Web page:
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Can a patient with chronic pancreatitis take beer? Is Creon the right medicine for it?


japaro 27 Nov 2009

Any form of alcohol can cause an attack. I have chronic pancreatitis due to high blood fats, and I can't drink any alcohol. If you are in pain, I would recommend you talk to a pain management clinic and get yourself on some pain killers. The doctors would rather see you on percocets and morphine than drinking beer to deal with pain. I'm sure it won't flair up 100% of the time, but the risk is very high. I almost died from a pancreatitis attack, it collapsed a long and I spent three days in the ICU and was given a 15% chance of living. Even if your one of the rare patients without constant pain, I would recommend pain killers for when it does flair up. That one time in the hospital cost over $90,000, and that didn't include tests or the doctors or the medications.

Just a note, people will tell you your an addict once you start pain killers, it's only true if you take your pills as not prescribed. You body will become dependant, but once you realize that the pills only work for so long, and you only have so many, you most likely will take them as prescribed. Also, you build a tollerance to them, and taking them like they are a party supplement means a few years down the road nothing will work, so don't go overboard.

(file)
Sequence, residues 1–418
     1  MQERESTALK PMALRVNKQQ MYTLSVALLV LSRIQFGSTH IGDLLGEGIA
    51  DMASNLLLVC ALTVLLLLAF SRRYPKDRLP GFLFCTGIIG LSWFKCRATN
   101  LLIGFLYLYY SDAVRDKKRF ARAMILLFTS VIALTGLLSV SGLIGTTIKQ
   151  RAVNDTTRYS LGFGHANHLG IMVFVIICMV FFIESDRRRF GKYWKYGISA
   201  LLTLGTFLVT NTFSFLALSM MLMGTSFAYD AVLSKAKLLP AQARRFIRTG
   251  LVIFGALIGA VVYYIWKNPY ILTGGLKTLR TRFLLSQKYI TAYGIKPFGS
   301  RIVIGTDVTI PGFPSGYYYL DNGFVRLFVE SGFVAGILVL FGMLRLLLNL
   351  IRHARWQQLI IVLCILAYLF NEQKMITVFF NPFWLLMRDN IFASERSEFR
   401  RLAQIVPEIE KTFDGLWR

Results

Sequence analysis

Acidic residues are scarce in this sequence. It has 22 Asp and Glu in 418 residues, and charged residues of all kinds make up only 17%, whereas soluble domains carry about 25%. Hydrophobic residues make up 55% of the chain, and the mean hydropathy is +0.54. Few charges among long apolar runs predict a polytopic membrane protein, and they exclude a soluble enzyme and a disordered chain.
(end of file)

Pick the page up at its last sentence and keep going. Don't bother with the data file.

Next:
Creon is a to help you digest your food. When your pancreas is damaged you can no longer produce these enzymes on your own. The pancreas produces enzymes, insulin, and baking soda. The supplements I'm supposed to take reduce the stomach acid (protonics), supplement the enzymes (something like creon) and Insulin (both long and short acting). I haven't been taking my supplements and as a result, I'm now getting some complications (lack of potassium and vitimin's b & d). So, now I'm going to have to renew my prescription and stick to it. However think they actually cause pain, they relieve it in most people.

Good luck.

Votes: +0
robo 9 Aug 2009

You will find information on chronic pancreatitis

As chronic pancreatitis is most often caused by alcoholism and alcohol abuse, it is up to the patient's doctor to make the decision about beer and alcohol consumption.

Treatment of chronic pancreatitis may involve:

* Analgesics or surgical nerve block to relieve pain
* Eating a low-fat diet
* Getting enough vitamins and calcium in the diet
* Taking insulin to control blood sugar levels
* Taking supplemental pancreatic enzymes, such as Creon.

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